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More minority teachers are on the way to Madison's schools
More minority teachers are on the way to Madison's schools

More minority teachers are on the way to Madison's schools


One way to help more black students succeed in Madison schools — and across Wisconsin — is to hire more black teachers.

They can better relate, in many cases, to the culture of minority students, and provide strong role models to inspire achievement.

That’s why a law signed last week by Democratic Gov. Tony Evers and approved by the Republican-led Legislature is significant and praiseworthy.

The law will expand the state’s far-too-restrictive loan program that was supposed to help minority high-school graduates attend Wisconsin universities and enter the teaching profession. The program forgives college debt — up to $30,000 — if participants stay in Wisconsin to teach in high-demand fields at schools with lots of black, Latino, American Indian and Southeast Asian students.

The state’s minority teacher loan program has attracted few applicants in recent years. That’s because it was limited to teachers who agreed to work in Milwaukee.

Thanks to Act 35, signed by the governor Thursday, the program will now expand to some 25 school districts — including Madison’s — that have 40% or more students of color.

In Madison, 58% of students represent minority groups, compared to only 13% of teachers, according to the state Department of Public Instruction. Even more disproportionately, 18% of Madison students are black, compared to less than 3% of teachers.

Across Wisconsin, about 30% of students are in minority groups, while only 5% of teachers are. African Americans are 9% of students and less than 2% of teachers.

Because Wisconsin has the largest racial achievement gap in the nation, more teachers who can better connect with and encourage black students will be crucial.

School officials should widely publicize the opportunities for young people of color to pursue teaching careers. The loan program also should expand beyond high-demand teaching fields such as special education, math and bilingual teaching to include other subjects. A teacher can be a vital role model regardless of what’s being taught.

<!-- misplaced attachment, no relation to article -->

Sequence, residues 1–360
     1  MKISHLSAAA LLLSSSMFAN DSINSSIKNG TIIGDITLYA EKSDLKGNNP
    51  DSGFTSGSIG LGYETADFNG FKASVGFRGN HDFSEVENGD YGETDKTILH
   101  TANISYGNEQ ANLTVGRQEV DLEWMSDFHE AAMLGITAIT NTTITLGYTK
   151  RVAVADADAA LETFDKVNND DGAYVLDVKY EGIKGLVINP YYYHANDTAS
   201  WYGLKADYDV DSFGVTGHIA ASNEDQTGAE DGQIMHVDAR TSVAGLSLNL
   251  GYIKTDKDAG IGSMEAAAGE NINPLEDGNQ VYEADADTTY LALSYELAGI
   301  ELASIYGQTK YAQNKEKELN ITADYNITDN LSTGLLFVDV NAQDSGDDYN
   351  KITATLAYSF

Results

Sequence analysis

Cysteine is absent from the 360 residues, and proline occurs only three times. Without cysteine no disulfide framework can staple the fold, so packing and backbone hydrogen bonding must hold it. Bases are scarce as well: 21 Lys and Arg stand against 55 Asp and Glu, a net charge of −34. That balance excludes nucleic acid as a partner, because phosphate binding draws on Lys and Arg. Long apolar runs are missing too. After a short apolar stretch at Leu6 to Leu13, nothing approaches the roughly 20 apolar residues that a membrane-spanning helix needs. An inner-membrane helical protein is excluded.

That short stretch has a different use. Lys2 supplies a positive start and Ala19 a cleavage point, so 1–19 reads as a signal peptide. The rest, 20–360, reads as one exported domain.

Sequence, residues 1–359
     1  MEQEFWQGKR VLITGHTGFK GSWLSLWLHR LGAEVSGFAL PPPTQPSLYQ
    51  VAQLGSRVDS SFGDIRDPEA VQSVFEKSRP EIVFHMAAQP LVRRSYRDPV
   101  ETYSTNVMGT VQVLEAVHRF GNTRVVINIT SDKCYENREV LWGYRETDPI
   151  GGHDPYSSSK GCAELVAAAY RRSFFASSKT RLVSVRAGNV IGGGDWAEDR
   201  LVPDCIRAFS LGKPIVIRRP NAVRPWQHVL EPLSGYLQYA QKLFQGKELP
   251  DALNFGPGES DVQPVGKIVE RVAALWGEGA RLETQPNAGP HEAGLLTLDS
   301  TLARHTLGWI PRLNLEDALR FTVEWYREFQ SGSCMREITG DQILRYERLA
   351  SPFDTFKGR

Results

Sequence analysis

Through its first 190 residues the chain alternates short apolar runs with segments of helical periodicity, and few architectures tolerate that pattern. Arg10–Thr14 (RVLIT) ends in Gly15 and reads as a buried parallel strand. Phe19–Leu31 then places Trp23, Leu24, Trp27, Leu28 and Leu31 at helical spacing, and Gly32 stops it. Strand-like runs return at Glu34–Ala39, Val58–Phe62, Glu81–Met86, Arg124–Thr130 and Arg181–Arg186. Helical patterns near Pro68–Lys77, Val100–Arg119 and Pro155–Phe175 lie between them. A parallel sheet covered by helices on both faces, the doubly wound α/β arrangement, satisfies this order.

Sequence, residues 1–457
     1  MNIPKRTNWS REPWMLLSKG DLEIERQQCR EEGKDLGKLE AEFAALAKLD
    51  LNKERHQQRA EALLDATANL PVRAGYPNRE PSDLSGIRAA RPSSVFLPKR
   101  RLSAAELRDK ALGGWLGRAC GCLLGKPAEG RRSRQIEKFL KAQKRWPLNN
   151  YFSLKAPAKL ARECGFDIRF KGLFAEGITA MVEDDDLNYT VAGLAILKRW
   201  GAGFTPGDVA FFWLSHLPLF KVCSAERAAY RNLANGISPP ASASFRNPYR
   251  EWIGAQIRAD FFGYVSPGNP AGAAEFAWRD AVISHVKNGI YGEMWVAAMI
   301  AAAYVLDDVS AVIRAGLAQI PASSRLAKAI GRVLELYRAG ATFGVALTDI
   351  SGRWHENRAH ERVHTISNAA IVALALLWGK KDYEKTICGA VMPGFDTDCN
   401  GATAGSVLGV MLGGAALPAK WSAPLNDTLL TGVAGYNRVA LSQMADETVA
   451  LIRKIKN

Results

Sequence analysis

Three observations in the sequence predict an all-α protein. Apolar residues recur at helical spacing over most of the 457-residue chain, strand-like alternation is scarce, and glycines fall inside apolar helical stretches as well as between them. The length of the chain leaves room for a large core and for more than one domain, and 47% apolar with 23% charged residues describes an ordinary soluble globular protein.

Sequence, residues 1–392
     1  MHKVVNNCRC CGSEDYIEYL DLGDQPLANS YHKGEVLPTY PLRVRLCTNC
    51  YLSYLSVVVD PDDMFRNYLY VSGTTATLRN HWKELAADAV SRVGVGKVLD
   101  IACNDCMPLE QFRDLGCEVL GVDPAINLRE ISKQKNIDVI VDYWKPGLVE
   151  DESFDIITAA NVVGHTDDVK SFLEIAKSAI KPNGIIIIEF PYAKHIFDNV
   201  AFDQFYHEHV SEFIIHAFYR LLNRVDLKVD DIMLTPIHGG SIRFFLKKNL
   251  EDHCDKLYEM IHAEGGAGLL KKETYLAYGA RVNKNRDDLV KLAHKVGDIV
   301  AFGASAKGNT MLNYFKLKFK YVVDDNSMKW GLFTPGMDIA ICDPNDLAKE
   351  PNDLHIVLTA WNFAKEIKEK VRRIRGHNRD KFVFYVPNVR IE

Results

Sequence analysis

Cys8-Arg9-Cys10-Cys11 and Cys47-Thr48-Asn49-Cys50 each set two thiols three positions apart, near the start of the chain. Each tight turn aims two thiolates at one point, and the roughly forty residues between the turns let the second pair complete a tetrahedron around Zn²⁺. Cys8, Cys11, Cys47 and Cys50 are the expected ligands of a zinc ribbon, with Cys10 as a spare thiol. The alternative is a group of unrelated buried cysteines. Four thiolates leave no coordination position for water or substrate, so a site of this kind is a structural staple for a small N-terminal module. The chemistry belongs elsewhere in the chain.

The state’s minority loan program alone won’t fix disparities, of course.

School districts with lots of minority students also must encourage greater parent involvement. They must continue to help disadvantaged students learn study skills and see paths to careers and higher education.

Madison is trying to turn more of its minority students into teachers. In exchange for training at UW-Madison’s School of Education, participants agree to teach in the Madison district for at least two years after graduating from college.

We’re not convinced lowering standards for grading is the answer. Yet offering students more chances to retake tests and get some credit for late work sounds fair and could help more freshmen advance. A smooth transition from middle to high school is crucial. So is good attendance.

High-quality teaching through professional development, peer coaching and better evaluations are important. Despite its flaws, the Act 10 limits on unions have given school principals more flexibility to consider and hire minority applicants.

Districts such as Madison should allow more charter and specialty schools. A year-round schedule would stop the summer slide in learning.

Our schools need more minority teachers and other enhancements to bolster success.

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